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This updated mosaic of the southern hemisphere of Saturn's moon Enceladus has been constructed from the many high-resolution images (less than 1 kilometer per pixel, or 0.6 mile per pixel) acquired by NASA's Cassini spacecraft, imaging science sub-system during four close targeted flybys of Enceladus in March, August and October 2008.
Crater Salih, which defines the longitude system of Enceladus, was observed with high resolution during the March 2008 close flyby, allowing improvement in the mosaic's longitude system. The global mosaic has been shifted 3.5 degrees to the west to be consistent with the longitude definition given by the International Astronomical Union. For the Enceladus image atlas (see PIA 08419).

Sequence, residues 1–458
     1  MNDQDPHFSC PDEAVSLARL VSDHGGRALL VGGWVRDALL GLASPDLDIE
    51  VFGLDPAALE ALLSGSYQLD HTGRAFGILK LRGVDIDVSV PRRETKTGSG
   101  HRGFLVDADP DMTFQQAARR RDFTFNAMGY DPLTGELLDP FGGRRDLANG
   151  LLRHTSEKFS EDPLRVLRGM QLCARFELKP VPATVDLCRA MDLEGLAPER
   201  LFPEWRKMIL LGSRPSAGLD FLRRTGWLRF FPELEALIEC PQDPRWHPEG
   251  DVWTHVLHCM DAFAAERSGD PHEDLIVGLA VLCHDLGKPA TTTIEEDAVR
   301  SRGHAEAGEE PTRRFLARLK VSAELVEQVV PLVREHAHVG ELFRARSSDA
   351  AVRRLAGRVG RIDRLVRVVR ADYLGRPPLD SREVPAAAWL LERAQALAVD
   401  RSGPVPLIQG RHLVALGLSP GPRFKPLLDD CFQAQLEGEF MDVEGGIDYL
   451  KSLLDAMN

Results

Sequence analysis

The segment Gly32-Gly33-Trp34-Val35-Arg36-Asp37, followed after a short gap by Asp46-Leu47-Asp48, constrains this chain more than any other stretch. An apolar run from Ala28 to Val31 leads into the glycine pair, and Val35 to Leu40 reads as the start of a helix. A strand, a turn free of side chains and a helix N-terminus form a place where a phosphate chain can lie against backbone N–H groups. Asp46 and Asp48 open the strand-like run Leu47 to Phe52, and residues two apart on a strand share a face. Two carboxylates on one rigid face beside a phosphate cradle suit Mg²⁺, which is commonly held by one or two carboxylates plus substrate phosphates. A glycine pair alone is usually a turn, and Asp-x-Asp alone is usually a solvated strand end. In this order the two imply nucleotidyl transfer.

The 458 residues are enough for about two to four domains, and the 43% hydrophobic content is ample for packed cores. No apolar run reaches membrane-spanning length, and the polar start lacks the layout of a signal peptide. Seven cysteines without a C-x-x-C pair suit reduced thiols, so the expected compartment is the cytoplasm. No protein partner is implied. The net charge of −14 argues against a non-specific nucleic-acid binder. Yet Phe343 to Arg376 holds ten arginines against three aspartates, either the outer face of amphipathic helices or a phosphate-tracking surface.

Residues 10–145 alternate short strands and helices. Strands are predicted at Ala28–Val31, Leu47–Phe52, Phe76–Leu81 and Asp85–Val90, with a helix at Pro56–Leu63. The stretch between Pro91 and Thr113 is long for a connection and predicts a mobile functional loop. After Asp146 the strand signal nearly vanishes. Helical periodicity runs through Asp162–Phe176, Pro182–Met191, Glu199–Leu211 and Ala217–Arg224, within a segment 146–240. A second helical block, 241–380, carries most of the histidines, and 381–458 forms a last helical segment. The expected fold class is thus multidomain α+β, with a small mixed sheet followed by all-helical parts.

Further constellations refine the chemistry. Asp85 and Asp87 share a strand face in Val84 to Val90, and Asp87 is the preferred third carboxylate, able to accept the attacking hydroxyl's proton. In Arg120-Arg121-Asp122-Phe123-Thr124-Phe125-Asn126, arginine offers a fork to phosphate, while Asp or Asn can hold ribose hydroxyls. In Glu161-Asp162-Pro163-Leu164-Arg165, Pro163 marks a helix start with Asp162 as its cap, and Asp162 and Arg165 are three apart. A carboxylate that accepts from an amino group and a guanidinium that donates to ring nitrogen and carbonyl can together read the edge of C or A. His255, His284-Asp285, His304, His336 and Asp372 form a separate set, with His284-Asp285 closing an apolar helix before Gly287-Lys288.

The Cassini Equinox Mission is a joint United States and European endeavor. The Jet Propulsion Laboratory, a division of the California Institute of Technology in Pasadena, manages the mission for NASA's Science Mission Directorate, Washington, D.C. The Cassini orbiter was designed, developed and assembled at JPL. The imaging team consists of scientists from the US, England, France, and Germany. The imaging operations center and team lead (Dr. C. Porco) are based at the Space Science Institute in Boulder, Colo.